But financial journalism is a far cry from creative copywriting. We’re not there just yet, but it’s on the horizon. We will see the spread of AI written copy across all industries in the future. 

“But art” I hear you cry. “Computers can’t make art. Only the unique nature of the human mind can create art.” To put this to the test I asked an AI to create some artwork for me. 

Cyber punk space lockdown

Egg Dog

Mondrian Monkey and fries

Dali Hamburger and Fries

Jesus and Buddha have lunch together

Cubist Darth Vader

Picasso Batman

OK, these aren’t going to win the Turner prize. But there is a practical application of these works for Art Directors. Rather than spend resource and expense clearing works of art to appear on the walls of your film location, just ask an AI to create a completely original piece of work.. Artists beware.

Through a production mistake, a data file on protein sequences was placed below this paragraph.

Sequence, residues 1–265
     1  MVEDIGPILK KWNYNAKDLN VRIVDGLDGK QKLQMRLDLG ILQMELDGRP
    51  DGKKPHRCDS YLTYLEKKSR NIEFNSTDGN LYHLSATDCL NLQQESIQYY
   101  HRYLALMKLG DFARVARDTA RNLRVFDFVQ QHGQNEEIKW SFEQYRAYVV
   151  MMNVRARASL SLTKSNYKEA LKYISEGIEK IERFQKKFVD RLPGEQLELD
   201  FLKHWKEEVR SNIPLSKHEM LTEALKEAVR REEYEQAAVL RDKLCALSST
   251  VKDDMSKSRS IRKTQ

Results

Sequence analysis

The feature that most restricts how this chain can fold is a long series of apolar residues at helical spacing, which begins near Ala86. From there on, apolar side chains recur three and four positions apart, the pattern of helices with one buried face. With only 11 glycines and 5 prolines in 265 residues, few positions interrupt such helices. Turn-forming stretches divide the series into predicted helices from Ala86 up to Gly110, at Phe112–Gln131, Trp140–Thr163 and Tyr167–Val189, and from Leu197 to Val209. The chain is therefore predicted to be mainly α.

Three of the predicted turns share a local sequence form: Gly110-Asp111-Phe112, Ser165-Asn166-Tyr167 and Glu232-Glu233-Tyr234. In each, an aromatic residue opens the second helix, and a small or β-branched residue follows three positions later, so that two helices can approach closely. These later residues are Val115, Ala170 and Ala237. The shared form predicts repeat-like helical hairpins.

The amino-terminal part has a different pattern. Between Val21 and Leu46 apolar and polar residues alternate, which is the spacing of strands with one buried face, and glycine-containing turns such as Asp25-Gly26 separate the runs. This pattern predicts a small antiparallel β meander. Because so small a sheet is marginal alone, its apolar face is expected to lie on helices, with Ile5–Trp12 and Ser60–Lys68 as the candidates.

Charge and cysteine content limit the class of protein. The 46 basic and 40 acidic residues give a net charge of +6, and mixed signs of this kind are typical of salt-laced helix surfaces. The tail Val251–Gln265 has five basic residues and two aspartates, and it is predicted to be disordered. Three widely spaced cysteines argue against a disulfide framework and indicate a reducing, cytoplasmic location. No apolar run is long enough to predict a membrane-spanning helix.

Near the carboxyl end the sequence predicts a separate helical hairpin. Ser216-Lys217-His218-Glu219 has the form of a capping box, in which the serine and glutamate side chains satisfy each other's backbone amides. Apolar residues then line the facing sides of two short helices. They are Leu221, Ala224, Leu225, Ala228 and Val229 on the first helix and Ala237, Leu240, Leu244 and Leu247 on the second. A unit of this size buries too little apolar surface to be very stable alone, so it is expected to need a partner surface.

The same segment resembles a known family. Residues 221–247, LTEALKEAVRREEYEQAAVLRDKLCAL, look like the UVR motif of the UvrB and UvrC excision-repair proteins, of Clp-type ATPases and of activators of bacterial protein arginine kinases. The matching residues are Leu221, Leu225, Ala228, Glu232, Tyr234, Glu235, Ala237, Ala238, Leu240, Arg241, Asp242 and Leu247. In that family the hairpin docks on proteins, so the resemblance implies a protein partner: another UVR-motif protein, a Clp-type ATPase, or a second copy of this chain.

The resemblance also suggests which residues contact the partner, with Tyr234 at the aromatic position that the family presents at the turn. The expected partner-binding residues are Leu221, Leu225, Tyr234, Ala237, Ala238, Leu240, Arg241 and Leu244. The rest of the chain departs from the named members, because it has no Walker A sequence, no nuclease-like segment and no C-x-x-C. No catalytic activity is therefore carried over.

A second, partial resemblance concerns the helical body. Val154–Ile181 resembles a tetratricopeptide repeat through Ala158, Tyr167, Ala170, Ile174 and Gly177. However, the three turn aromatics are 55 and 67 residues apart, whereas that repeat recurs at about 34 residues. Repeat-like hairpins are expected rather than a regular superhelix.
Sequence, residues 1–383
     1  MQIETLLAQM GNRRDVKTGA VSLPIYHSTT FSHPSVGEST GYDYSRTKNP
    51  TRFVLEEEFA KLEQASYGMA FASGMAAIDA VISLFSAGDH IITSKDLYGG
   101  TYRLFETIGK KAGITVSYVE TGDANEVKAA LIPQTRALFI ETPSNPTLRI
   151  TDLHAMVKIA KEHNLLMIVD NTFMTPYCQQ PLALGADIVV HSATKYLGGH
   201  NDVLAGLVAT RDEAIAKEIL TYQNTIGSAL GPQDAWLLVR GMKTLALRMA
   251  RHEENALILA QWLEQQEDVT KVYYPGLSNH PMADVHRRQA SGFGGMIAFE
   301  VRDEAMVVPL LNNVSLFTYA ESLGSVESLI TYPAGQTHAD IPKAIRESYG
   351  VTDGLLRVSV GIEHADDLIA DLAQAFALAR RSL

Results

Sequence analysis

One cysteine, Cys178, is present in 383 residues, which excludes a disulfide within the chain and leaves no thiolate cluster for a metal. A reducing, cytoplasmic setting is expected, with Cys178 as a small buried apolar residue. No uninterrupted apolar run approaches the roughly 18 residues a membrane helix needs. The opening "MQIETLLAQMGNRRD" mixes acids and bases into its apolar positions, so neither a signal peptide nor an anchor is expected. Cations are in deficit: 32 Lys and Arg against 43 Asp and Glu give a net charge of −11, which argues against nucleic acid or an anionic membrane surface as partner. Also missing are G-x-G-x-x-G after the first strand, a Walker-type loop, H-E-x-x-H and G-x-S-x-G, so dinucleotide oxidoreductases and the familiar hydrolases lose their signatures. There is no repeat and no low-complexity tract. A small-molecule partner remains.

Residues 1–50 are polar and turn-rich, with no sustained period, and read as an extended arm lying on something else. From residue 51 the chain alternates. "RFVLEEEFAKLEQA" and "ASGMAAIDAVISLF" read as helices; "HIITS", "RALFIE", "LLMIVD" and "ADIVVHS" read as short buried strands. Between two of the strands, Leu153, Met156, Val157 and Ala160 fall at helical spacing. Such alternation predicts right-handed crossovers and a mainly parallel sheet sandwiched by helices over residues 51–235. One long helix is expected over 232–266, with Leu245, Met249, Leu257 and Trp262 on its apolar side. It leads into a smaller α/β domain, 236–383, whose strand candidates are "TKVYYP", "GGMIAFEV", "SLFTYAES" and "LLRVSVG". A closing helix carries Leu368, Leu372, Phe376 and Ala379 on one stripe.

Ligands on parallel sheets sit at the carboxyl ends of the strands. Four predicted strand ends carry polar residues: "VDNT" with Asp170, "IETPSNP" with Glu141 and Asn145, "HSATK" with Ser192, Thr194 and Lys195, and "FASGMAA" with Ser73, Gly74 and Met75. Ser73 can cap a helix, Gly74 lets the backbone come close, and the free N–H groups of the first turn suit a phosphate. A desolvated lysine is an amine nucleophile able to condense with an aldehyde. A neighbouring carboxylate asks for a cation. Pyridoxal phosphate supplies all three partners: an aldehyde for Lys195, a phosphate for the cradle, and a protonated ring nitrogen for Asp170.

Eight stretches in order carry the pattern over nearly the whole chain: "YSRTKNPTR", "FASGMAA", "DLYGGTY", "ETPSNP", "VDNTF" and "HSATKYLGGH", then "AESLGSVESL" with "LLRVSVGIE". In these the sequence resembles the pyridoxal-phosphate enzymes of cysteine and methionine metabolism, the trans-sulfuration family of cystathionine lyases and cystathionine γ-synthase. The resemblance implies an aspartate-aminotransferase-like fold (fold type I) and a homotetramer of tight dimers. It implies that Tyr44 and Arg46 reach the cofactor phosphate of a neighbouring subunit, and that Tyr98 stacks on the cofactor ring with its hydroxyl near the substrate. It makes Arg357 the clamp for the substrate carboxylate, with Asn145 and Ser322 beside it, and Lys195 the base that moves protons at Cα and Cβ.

So that’s art. But could AI one day goes as far as to replace real images? Could it replace product photography? As an experiment I asked the AI to create a photograph of the best beer ever. Here is the result:

Not bad, right?

So if we bring it all together, in the future we could be hiring remote crews to shoot with virtual cameras in virtual locations inside the metaverse on an AI-written commercial starring metahumans while we watch on VR headsets feeding back in real time with our avatars from the comfort of our home office. And with facial recognition software capturing our expressions and recreating them in real time, we can see exactly how displeased our clients are with the shoot just by looking at their avatars. What a future. 

Filmmaking Personal growth